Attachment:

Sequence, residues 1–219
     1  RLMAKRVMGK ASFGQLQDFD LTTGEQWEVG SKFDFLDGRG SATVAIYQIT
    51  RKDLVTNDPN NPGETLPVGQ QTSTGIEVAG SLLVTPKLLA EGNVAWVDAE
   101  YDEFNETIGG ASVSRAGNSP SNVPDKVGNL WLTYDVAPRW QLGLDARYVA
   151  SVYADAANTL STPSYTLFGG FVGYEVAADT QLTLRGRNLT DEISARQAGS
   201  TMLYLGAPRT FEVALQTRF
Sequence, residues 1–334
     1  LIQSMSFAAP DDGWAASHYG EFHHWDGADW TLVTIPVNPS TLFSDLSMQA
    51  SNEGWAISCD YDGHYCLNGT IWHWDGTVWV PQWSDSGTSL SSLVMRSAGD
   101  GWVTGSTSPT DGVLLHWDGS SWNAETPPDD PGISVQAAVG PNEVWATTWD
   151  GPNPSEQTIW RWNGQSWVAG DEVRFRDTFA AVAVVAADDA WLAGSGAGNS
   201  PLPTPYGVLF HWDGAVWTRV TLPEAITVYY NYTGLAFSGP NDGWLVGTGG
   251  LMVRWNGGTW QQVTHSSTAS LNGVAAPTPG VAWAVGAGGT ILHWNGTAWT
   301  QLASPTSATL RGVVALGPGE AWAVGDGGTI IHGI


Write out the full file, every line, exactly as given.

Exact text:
Sequence, residues 1–219
     1  RLMAKRVMGK ASFGQLQDFD LTTGEQWEVG SKFDFLDGRG SATVAIYQIT
    51  RKDLVTNDPN NPGETLPVGQ QTSTGIEVAG SLLVTPKLLA EGNVAWVDAE
   101  YDEFNETIGG ASVSRAGNSP SNVPDKVGNL WLTYDVAPRW QLGLDARYVA
   151  SVYADAANTL STPSYTLFGG FVGYEVAADT QLTLRGRNLT DEISARQAGS
   201  TMLYLGAPRT FEVALQTRF
Sequence, residues 1–334
     1  LIQSMSFAAP DDGWAASHYG EFHHWDGADW TLVTIPVNPS TLFSDLSMQA
    51  SNEGWAISCD YDGHYCLNGT IWHWDGTVWV PQWSDSGTSL SSLVMRSAGD
   101  GWVTGSTSPT DGVLLHWDGS SWNAETPPDD PGISVQAAVG PNEVWATTWD
   151  GPNPSEQTIW RWNGQSWVAG DEVRFRDTFA AVAVVAADDA WLAGSGAGNS
   201  PLPTPYGVLF HWDGAVWTRV TLPEAITVYY NYTGLAFSGP NDGWLVGTGG
   251  LMVRWNGGTW QQVTHSSTAS LNGVAAPTPG VAWAVGAGGT ILHWNGTAWT
   301  QLASPTSATL RGVVALGPGE AWAVGDGGTI IHGI